A High Court judge has rejected a bid to have immigration
charges against a millionaire businessman thrown out.
And in a further boost to the Crown case against William Yan,
also known as Yang Liu and Yong Ming Yan, Justice Timothy
Brewer has ruled that evidence from an Australian
investigator is admissible against him.
Yan is on trial in the High Court at Auckland after pleading
not guilty to four charges relating to false declarations on
immigration papers in 2001 and 2002 and one of using false
written statements to get citizenship.
The wealthy businessman was granted New Zealand citizenship
in August 2008 under the name Yang Liu, despite advice from
Department of Internal Affairs officials that he did not meet
the good character test. Just days later he changed his name
to William Yan, the name he is being prosecuted under.
The department's case officer, Johannes Gambo, told the court
Yan boasted that he had politician friends who would ensure
he was granted citizenship.
When told he would not receive citizenship, Yan said he was
99 per cent sure he would, according to Mr Gambo.
"He said he had a lot of support from members of Parliament
... he was going to take them to China.''
Labour MP Shane Jones, a Cabinet minister at the time,
approved the application a day after receiving the file.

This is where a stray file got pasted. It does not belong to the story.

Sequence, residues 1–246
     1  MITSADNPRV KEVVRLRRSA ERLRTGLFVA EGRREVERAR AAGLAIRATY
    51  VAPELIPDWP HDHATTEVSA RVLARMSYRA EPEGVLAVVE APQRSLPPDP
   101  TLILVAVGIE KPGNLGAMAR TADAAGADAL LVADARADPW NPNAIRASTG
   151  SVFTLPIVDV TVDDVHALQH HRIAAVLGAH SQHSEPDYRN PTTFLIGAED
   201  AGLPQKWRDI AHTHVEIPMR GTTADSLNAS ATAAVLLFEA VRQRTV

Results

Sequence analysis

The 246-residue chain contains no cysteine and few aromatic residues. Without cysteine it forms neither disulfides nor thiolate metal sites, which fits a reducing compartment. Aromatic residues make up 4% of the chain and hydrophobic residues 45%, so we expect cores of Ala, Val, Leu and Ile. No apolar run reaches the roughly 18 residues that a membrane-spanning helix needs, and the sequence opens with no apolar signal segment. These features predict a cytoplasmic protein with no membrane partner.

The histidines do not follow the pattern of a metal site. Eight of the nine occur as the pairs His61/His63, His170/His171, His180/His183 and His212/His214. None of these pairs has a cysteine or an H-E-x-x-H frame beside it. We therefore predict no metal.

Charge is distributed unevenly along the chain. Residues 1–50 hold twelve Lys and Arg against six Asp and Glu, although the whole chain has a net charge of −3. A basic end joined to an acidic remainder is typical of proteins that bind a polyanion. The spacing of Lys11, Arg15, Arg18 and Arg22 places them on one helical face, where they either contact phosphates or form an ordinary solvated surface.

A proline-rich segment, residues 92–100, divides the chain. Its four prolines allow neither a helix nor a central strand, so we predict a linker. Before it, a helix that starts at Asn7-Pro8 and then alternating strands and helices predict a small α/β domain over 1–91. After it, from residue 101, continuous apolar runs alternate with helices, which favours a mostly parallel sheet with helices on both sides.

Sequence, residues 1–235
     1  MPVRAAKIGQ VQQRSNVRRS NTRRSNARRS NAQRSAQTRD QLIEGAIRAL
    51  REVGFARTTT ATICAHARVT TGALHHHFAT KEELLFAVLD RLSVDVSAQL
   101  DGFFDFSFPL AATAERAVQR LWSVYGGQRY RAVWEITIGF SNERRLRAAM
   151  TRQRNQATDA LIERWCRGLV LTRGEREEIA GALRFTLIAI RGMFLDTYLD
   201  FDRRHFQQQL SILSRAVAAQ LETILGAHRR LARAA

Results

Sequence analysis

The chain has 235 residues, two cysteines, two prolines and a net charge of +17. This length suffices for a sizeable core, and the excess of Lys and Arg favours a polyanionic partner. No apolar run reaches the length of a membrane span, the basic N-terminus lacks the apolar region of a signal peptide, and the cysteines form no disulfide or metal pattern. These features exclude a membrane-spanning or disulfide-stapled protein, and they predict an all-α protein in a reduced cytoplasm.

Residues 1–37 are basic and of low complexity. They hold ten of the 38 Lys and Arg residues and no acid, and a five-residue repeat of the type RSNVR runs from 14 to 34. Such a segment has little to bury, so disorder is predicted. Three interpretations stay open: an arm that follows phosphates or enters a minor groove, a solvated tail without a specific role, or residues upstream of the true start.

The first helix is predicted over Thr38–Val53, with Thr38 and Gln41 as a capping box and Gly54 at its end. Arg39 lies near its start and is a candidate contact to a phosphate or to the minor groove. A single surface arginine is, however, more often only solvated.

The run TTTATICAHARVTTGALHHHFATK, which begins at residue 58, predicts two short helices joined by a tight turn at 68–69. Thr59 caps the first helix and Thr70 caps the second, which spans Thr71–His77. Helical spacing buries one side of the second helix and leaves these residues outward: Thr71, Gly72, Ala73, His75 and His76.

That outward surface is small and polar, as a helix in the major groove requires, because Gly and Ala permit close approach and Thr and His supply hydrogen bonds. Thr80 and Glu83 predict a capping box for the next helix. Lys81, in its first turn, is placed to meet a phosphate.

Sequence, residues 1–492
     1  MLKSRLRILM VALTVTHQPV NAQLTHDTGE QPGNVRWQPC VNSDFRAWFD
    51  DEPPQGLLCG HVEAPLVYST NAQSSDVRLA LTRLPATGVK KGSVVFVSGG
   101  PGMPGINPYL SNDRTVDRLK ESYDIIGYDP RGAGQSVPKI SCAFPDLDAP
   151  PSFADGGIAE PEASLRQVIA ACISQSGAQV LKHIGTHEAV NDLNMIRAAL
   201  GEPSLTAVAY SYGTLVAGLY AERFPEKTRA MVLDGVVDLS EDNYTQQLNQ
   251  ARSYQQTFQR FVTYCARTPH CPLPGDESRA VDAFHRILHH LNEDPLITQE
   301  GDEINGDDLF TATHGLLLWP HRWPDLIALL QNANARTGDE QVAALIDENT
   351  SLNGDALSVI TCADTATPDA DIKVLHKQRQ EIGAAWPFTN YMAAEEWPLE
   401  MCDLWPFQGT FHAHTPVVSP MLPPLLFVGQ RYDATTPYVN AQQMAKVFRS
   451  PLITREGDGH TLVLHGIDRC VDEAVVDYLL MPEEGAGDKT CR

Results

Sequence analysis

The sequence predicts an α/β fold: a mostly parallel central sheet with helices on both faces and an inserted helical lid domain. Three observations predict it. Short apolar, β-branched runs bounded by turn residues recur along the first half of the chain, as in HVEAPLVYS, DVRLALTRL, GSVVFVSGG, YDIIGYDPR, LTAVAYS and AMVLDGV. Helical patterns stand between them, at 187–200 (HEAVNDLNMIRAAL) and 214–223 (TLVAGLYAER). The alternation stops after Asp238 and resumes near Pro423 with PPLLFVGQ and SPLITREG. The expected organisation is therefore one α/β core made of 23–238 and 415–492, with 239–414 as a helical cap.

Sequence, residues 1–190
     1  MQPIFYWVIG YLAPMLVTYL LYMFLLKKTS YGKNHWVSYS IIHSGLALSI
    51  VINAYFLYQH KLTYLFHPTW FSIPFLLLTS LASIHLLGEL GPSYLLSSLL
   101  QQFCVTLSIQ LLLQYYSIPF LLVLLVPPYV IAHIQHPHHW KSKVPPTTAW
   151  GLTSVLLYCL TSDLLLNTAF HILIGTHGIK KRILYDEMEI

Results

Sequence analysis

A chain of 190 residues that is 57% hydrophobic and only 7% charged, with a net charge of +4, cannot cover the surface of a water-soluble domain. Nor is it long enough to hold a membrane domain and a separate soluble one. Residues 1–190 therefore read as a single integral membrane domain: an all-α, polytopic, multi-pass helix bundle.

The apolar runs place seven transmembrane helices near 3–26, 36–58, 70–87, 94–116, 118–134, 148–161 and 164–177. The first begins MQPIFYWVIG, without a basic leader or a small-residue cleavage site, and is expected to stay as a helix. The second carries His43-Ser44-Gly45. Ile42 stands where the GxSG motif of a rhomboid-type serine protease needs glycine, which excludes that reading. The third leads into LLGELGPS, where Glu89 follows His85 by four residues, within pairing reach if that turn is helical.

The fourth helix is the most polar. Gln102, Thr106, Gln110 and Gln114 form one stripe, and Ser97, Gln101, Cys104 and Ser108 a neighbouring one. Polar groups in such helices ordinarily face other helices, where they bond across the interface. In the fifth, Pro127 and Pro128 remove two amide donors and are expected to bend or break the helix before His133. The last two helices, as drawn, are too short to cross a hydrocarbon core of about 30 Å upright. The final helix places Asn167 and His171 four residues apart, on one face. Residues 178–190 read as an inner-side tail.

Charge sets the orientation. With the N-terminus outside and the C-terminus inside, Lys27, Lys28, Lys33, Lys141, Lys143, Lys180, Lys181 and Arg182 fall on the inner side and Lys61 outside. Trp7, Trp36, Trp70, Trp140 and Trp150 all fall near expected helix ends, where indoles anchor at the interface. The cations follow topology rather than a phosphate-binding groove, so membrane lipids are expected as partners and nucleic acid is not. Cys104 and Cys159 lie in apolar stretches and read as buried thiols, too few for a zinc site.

The Crown has concluded the prosecution case against Yan
after two weeks, in a trial which is being heard by a judge
The court has heard that Yan has two passports, with
different names and birth dates, which were not revealed when
he applied for residency.
On Friday, Justice Brewer turned down an application by
defence counsel David Jones, QC, to have four of the five
charges against his client thrown out.
The judge said there was sufficient evidence for Yan to be
found guilty if he looked at the Crown case in "the most
favourable light'', therefore the charges could not be
dismissed and the trial should continue.
But Justice Brewer stressed he had not made a ruling on the
strength of the evidence yet.
He also ruled that the evidence of an Australian immigration
investigator was admissible against Yan, in which the court
heard that Yan's bid for citizenship in Australia
"unravelled'' when his dual identities were discovered.
Earlier in the trial, Mr Jones [lawyer] said Yan was born
with one name and a date of birth which was entered on the
system. He was then fostered out as a child and given a new
Mr Jones said that explained the second identity.
He said the Crown had been relying on a motive for Yan using
a different name in New Zealand because he was facing an
arrest warrant in China.
Mr Jones said there was evidence that "the Communist Party in
China uses the law to prosecute people who are
The trial continues today.
- Jared Savage of the NZ Herald